Exam Results Week is here and so brings with it many life-changes and decisions for the next few years, for students, families and friends. If you are in the exciting position to start preparing for university, this blog is for you.
As part of their guest blog series, Durham University Beat Society provide their top tips on how students can adapt to change whilst at university.
We have talked about ‘transitional phases’ and the feelings that can arise in the midst of change – these phases could include moving home, going to university, transitioning between mental health services or even experiencing menopause. These all place a strain on the individual as they adjust to new lifestyles and routines.
People with eating disorders can struggle with transitions because they often come with change and uncertainty, two things that are difficult to tolerate and that reflect the opposite of an often tightly controlled eating disorder.
Change challenges what is known and what feels safe. But learning to cope with the experience of change builds resilience for future transitional experiences.
Below, the Durham University Beat Society share their top tips on how you can build upon this resilience and prepare for the next chapter in your life (contributed by the society’s Co-President and full team).
1. Remember that whatever you are feeling is valid
There can be a lot of pressure to be excited to go to university, but it’s completely valid and understandable if you don’t feel that way. Everyone responds to change differently, so it’s normal for your feelings about going to university to be different to those of your friends and family. There is no ‘right’ way to feel–whatever you’re feeling is valid.
2. Talk about it
Whether you’re feeling nervous, scared, excited, sad, confused, or a mix of everything, it might be helpful to talk about how you’re feeling. Chatting to a friend, family member, therapist, pet, or writing in a journal can help you to process your feelings and to lift some of the weight from your shoulders. Remember that although going to university is a big change, you’re not going through it alone–there are lots of people ready to support you.
3. Find small ways to build excitement
If you’re dreading the move to university, consider doing little things that might help you feel a bit more excited about the move. For example, you could go shopping for decorations for your dorm room, or you could research the city you’re moving to and find a place you’d like to visit. Although these things won’t magically make you really excited for university, they’re little bits of light that might make the move slightly less painful.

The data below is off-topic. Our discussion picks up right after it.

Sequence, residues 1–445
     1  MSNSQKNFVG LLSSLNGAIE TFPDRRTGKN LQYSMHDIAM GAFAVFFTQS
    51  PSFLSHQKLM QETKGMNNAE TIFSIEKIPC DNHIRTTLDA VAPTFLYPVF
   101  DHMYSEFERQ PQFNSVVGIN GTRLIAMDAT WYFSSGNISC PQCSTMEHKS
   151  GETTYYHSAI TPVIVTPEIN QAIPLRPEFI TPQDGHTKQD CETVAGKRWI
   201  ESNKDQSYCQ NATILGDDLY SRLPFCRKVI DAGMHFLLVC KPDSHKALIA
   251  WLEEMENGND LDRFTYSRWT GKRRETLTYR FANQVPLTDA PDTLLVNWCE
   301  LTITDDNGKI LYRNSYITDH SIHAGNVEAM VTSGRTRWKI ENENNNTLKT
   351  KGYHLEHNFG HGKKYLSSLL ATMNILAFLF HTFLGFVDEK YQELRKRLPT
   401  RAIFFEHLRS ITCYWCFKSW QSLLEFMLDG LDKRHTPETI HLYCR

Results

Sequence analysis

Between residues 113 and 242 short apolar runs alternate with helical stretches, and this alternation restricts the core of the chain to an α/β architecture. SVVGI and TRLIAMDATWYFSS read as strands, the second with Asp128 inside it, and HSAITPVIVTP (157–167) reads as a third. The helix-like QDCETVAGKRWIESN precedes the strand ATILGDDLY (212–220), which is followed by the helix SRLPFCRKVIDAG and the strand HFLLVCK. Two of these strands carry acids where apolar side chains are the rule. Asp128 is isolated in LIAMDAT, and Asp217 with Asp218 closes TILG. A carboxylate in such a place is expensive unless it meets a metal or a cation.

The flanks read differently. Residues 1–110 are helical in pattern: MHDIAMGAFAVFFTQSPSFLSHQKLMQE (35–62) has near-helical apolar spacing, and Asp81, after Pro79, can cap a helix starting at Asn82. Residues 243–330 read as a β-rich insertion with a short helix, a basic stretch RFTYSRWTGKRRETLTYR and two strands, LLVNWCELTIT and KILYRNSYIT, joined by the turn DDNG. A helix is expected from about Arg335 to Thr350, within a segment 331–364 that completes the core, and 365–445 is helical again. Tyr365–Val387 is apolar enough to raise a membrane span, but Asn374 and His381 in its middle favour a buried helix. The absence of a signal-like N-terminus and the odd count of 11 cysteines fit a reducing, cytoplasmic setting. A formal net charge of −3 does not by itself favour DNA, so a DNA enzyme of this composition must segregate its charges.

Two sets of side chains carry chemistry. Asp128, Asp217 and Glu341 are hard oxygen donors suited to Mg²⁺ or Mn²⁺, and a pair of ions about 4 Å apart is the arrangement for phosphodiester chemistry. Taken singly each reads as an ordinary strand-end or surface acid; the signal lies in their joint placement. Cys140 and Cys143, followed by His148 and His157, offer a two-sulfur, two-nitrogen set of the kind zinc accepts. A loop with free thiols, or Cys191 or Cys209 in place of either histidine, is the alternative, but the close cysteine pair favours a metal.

4. Bring some familiarity with you
To help your feel more at home in your university accommodation, consider bringing some familiar items from home with you, like a blanket or a teddy. You might also like to stick up photos on your walls (if you’re allowed!) Things that also help with familiarity include watching a comfort show or film that you’ve seen before, listening to your favourite music or eating your favourite snack. The familiarity of these things can be comforting and might help you to settle into your new accommodation.
5. Take it slow
Moving to university is a big change and it can be really overwhelming. There are lots of new things to experience–but you don’t have to do it all at once. You don’t have to make all of your friends and explore the whole university in Freshers’ Week. There really is a lot of time to get used to uni life, so try to take it one step at a time. You don’t have to have it all figured out as soon as you move in.
In a previous blog, we explored how eating disorder recovery is about becoming. Becoming is a state of knowing that change is inevitable, that as humans, we’re in a constant state of flux as we respond to ever-changing environments around us. You feel secure in this knowledge and trust your ability to adapt and move with the change. Having the best possible support system in place will help you settle in to university and enjoy your new life.
We appreciate the support Durham University Beat Society offers our student community. You can read more of their tips on student life and navigating eating disorder recovery here.